Aid group says its activities are 90 percent privately funded and it is seeking alternates to eight percent lost from E.U. charity.
Medical aid group Doctors Without Borders on Friday said it would no longer take funds from the E.U. in protest at its “shameful” policies on the migration crisis, including a deal with Turkey.
The charity, widely known by its French acronym MSF [Medecins Sans Frontieres], received 56 million euros from European Union institutions and the 28 member states last year. “MSF announces today that we will no longer take funds from the E.U. and its member states in protest at their shameful deterrence policies and their intensification of efforts to push people and their suffering back from European shores,” the group said in a statement.
The Nobel Peace Prize-winning MSF singled out the E.U.’s deal with Turkey in March to stem the biggest flow of migrants into the continent since World War II, many of them from war-torn Syria. “This is really about Europe’s refugee shame,” Jerome Oberreit, international secretary general of MSF, told a press conference in Brussels. He accused member states of a “shameful European response focused on deterrence rather than providing people with the assistance and protection they need.”
“The E.U.-Turkey deal goes one step further and has placed the very concept of ‘refugee’ and the protection it offers in danger,” Oberreit added.
MSF has been heavily involved in caring for migrants in locations including the Greek island of Lesbos and the French port of Calais, as well as operating a boat called the Argos, which saves lives in the Mediterranean.
Under the Turkey deal, Ankara agreed to take back all migrants and refugees landing in the Greek islands who did not apply for asylum, and to crack down on people smuggling across the Aegean Sea. In exchange, the E.U. said it would resettle one Syrian refugee from camps in Turkey for every Syrian that Ankara takes back from Greece. Turkey was meanwhile offered visa-free access, increased aid and speeded up E.U. accession talks if it met certain conditions, one of which was changing its anti-terror laws. MSF said 8,000 people including hundreds of unaccompanied minors had been left stranded in the Greek islands by the deal.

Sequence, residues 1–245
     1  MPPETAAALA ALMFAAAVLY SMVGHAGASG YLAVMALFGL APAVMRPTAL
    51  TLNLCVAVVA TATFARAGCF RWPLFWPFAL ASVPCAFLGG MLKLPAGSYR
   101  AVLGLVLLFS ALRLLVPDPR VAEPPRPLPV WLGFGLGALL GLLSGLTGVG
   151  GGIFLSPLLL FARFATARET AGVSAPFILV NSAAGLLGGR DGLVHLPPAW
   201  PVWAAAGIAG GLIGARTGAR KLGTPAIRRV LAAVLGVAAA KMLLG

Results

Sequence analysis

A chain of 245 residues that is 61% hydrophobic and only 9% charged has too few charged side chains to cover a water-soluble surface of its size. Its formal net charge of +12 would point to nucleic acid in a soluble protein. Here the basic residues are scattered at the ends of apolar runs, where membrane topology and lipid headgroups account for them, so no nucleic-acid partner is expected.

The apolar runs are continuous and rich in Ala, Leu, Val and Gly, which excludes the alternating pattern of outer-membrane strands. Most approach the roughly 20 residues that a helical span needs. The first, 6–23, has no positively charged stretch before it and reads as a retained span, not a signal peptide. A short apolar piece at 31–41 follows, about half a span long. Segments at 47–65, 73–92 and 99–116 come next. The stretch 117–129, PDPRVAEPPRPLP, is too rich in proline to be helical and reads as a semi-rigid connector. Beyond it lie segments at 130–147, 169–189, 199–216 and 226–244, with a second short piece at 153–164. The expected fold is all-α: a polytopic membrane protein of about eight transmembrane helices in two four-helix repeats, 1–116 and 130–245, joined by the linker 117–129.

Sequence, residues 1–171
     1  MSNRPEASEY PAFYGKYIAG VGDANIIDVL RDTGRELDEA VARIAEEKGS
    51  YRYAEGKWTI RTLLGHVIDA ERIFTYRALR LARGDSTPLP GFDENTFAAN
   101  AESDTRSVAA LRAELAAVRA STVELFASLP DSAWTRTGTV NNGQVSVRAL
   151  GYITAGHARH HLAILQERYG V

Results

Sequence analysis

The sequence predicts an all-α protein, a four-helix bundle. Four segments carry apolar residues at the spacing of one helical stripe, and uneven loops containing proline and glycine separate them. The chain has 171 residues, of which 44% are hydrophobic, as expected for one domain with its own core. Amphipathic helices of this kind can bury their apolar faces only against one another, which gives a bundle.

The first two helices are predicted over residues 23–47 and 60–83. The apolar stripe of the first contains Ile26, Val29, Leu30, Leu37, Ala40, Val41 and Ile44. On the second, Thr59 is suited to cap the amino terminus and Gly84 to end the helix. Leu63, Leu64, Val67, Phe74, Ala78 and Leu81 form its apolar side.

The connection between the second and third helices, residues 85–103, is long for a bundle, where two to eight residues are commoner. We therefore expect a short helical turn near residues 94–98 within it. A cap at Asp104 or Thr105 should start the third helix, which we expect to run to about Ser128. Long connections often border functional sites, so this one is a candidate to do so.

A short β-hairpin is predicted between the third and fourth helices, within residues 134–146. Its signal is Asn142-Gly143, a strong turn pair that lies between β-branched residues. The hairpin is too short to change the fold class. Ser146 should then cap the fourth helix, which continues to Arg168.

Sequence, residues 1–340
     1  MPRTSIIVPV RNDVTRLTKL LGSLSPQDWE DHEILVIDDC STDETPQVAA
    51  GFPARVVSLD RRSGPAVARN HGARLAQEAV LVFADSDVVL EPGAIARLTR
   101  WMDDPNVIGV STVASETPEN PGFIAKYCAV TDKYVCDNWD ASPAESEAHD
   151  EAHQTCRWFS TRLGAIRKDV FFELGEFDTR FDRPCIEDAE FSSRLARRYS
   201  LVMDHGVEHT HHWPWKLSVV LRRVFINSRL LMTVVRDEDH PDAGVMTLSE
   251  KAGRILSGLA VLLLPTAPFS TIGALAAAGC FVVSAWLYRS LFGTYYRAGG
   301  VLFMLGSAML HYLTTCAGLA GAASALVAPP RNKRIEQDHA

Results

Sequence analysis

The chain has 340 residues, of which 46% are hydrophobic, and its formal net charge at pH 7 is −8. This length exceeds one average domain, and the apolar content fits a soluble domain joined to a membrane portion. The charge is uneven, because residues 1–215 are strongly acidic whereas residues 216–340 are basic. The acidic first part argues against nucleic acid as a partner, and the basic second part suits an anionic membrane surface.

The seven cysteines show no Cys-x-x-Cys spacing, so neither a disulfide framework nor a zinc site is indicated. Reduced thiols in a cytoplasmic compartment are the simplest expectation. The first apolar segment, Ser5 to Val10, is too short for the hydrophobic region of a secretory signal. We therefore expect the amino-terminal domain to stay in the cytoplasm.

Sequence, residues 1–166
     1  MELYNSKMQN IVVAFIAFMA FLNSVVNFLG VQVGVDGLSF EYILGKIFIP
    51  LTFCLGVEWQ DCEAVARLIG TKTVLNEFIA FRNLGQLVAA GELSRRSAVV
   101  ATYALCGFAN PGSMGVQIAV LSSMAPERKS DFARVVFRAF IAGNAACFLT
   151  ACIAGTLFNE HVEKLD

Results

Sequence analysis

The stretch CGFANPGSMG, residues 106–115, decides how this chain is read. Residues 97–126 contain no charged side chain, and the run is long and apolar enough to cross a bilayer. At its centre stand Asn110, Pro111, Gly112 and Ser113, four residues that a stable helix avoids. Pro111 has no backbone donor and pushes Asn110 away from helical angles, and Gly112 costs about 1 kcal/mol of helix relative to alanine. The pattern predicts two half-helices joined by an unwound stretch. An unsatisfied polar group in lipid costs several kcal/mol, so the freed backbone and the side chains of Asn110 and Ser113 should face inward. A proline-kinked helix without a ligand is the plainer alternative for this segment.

The European Commission, the executive arm of the 28-nation E.U., said it “takes note” of the MSF decision, stressing that it affected only just over one percent of the Commission’s 1.5 billion euro annual aid budget. Commission spokesman Margaritis Schinas rejected criticism of the Turkey deal, saying: “The Commission prefers the interpretation of our 28 member states, of the Council of Europe and the United Nations, which are closer to our analysis of the deal rather than the one that the MSF did today.”
Rights group Amnesty International hailed MSF’s “courageous and principled stand.”
MSF’s Oberreit also criticized a proposal last week to make similar deals with African, Middle Eastern and South Asian countries. He pointed out that potential partners included Somalia, Eritrea, Sudan and Afghanistan, “four of the top 10 refugee-generating countries.”
“We cannot accept funding from the E.U. or the Member States while at the same time treating the victims of their polices. It’s that simple,” Oberreit added. MSF said it received 19 million euros from E.U. institutions and 37 million euros from member states in 2015, amounting to eight percent of its funding. It added that its activities are 90 percent privately funded.
“We are looking for other funding channels,” MSF migration expert Aurelie Ponthieu told the press conference. “We are not cutting down programs.”
The charity said its medics had treated 200,000 men, women and children in the Mediterranean and in Europe in the last 18 months. It also received 6.8 million euros from Norway, which is not part of the E.U.